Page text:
Part VI explores the initiative's analogous provisions establishing a forfeiture hearsay exception and declaring contumacious witnesses unavailable. The Article concludes with my assessment of AB 268 and the initiative (Part VII), my proposal for a forfeiture hearsay exception (Part VIII), and my views on the wisdom of enacting important rules of evidence by initiative (Part IX). At the end, I include an Addendum evaluating the proposals considered by the Commission.

  2. THE HEARSAY RULE AS A BARRIER TO CONVICTION

    Occasionally, prosecutors find it indispensable to offer the statements of declarants who for some reason are unable to testify at the trial. Since these statements are often offered for the truth of the matter stated, California's hear say rule would bar their use in the absence of an exception. (10) Fortunately for prosecutors, the Evidence Code contains numerous useful exceptions. Among them are the exceptions for excited utterances, (11) dying declarations, (12) statements regarding gang-related crimes, (13) statements relating the infliction or threat of physical injury, (14) statements by the elderly and dependent adults offered in prosecutions for the crime of elderly or dependent adult abuse, (15) statements by children describing acts of child abuse, (16) and statements by declarants who are prevented from testifying in trials charging a serious felony. (17)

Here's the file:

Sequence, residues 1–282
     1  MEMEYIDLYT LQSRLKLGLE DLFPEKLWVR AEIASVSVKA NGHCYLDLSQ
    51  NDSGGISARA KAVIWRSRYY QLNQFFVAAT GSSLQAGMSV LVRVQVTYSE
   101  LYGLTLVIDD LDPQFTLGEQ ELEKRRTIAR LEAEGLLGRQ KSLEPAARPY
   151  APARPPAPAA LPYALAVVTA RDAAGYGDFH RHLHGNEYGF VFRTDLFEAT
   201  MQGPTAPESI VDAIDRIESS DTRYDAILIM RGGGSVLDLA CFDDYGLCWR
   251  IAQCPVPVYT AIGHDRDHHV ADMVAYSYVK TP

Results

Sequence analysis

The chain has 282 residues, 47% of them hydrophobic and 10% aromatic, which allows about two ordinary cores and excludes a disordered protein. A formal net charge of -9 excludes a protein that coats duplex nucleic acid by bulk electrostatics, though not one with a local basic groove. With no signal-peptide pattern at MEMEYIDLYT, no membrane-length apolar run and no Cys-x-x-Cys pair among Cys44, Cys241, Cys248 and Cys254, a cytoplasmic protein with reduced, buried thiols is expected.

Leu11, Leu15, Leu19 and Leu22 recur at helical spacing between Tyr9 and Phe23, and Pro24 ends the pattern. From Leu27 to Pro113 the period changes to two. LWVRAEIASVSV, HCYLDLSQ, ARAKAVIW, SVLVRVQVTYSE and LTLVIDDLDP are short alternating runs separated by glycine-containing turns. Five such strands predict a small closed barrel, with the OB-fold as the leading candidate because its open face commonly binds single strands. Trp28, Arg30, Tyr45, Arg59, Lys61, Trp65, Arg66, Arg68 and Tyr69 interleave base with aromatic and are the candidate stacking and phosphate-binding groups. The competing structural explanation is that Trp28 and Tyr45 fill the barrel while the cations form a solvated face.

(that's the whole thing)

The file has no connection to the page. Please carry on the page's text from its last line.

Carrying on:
With the exception of excited utterances and dying declarations, (18) the remaining exceptions require prosecutors to prove the declarant's unavailability to testify at the trial. If the declarant is available to testify, no justification exists for depriving defendants of their right to cross-examine the declarant under oath in the presence of the fact finder.

    All of the exceptions contain other restrictions. Some limit the exception to certain kinds of prosecutions, for example, prosecutions charging a serious felony, (19) elderly or dependent adult abuse, (20) or gang activities. (21) Some require the statement to be memorialized in a writing or recorded electromcally. (22) Others require the prosecution to give the defendant notice of its intention to offer the statement. (23) Still others provide the judge with guidelines for determining the admissibility of the statement. (24) Some require the statement to be supported by corroborative evidence. (25) Others merely require the judge to consider the presence or absence of supporting evidence in determining the admissibility of the statement. (26) The exception for statements offered in cases charging a serious felony is specifically designed to make admissible statements by decla rants who have been prevented from testifying. (27) None of the exceptions authorizes the judge to consider the hearsay declaration in determining whether the proponent has met the foundational requirements.

    Subdivision 1390(a) of AB 268 purports to enlarge the prosecutors' arsenal by creating a hearsay exception for a statement that "is offered against a party who has engaged or acquiesced in wrongdoing that has caused the unavailability of the declarant as a witness." The Federal Rules of Evidence contain a similar, though more limited, hearsay exception. Rule 804(b)(6) provides a hearsay exception for a "statement offered against a party that has engaged or acquiesced in wrongdoing that was intended to, and did, procure the unavailability of the declarant as a witness." (28) Unlike Subdivision 1390(a), the Rule requires the proponent to prove the opposing party's intent to silence the declarant.